OUR SAY: Life breathed into committees at long last

WHEN the news agenda is dominated by scandalous affairs, people at the top manipulating decisions for their own benefit and electricity prices and lacklustre wage growth pushing the cost of living to to the brink, it’s easy to see how participation on council committees can slip through.

It’s an issue we’ve been covering in the background for the last couple of years, particularly those committees struggling to achieve a quorum.

Yet many of them play a critical role.

Some, like the NAIDOC and Australia Day committees, organise specific events. 

Others deal in types of infrastructure – the ageing and access committee makes sure people with limited mobility can navigate public areas while the crime prevention committee concerns itself with safety. 

Some deal with even wider issues – the economic development committee, for example concerns itself with where future employment will come from.

It seems the recognition for the role committees play has grown because when Orange City Council asked for volunteers, they flooded in.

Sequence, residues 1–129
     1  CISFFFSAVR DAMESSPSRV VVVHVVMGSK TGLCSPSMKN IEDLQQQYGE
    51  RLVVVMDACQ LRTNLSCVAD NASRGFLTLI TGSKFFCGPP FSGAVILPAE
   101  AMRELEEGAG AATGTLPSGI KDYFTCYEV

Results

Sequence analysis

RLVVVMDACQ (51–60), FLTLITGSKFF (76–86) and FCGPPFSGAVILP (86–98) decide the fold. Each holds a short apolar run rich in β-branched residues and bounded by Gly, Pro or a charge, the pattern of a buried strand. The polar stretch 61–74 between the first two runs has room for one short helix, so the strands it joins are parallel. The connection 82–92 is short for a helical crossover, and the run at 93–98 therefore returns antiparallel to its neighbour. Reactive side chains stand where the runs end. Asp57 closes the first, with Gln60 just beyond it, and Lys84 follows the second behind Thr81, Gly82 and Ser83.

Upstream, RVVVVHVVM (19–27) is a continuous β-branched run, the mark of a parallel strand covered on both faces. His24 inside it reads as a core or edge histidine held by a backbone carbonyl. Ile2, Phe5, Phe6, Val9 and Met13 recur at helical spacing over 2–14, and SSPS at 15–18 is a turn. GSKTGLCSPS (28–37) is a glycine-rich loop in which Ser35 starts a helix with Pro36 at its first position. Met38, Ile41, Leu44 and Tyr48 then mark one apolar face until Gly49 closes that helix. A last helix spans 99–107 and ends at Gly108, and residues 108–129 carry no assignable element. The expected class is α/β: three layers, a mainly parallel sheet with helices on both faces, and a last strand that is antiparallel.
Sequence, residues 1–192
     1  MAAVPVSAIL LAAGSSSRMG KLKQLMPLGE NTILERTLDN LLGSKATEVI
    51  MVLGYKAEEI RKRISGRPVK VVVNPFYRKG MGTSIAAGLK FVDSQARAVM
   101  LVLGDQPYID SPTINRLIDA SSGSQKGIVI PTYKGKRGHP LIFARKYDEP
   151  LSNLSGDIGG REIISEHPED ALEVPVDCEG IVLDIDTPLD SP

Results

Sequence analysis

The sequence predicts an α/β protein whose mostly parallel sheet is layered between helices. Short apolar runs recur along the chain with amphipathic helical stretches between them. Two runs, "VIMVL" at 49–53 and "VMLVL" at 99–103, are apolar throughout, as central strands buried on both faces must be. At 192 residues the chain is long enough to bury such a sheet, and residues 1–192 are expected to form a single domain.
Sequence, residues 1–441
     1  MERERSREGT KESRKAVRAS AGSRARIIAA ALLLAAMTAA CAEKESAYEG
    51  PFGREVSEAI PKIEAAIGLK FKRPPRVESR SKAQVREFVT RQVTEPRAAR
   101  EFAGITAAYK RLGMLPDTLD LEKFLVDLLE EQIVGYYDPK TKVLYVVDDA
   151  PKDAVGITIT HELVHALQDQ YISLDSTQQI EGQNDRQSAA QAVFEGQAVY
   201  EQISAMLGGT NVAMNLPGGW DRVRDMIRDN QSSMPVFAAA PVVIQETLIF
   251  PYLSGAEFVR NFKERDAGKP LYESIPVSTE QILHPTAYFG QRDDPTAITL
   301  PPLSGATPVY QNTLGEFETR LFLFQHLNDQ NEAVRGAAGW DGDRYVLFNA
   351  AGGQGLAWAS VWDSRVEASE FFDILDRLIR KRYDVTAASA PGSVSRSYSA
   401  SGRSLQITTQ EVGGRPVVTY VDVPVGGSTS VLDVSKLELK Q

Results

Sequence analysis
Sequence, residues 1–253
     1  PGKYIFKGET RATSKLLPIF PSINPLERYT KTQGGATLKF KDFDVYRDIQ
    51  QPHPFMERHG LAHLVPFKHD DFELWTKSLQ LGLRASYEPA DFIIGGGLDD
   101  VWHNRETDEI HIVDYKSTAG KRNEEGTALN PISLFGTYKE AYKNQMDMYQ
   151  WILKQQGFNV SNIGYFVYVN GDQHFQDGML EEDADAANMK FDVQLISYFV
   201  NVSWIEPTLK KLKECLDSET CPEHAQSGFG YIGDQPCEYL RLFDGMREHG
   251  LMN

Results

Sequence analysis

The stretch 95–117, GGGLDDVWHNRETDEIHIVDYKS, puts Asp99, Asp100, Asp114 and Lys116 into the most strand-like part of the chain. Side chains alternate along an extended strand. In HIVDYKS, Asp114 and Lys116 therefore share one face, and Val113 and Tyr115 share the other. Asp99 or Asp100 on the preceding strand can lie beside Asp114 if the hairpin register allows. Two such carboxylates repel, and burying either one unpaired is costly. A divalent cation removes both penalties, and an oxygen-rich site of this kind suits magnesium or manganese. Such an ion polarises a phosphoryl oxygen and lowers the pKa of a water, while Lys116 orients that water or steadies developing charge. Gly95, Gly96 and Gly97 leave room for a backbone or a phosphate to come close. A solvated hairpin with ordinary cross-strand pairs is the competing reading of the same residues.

Extra places were even created on the sport and recreation committee to cater for the interest. 

The volunteers come from a variety of backgrounds.

Some are former councillors who either retired last year or were not re-elected, but still have the strength and drive to make a difference.

Some ran for the council last year, but missed out and no doubt realise being part of a committee is a good way not only to familiarise themselves with how local government works, but to still contribute to Orange during the next three years. 

Others have been part of committees for years and still have things they want to achieve. 

All should be commended for putting their names forward, particularly those who will perform more than one advisory role. 

As Elizabeth Griffin pointed out, the wheels of bureaucracy move slowly, but many projects in recent years can be attributed to committees, including the Orange Regional Museum.

Originally put forward by the Orange and District Historical Society, the idea was formalised into a committee and we can see the final result today.

We look to the results once these groups start to meet.


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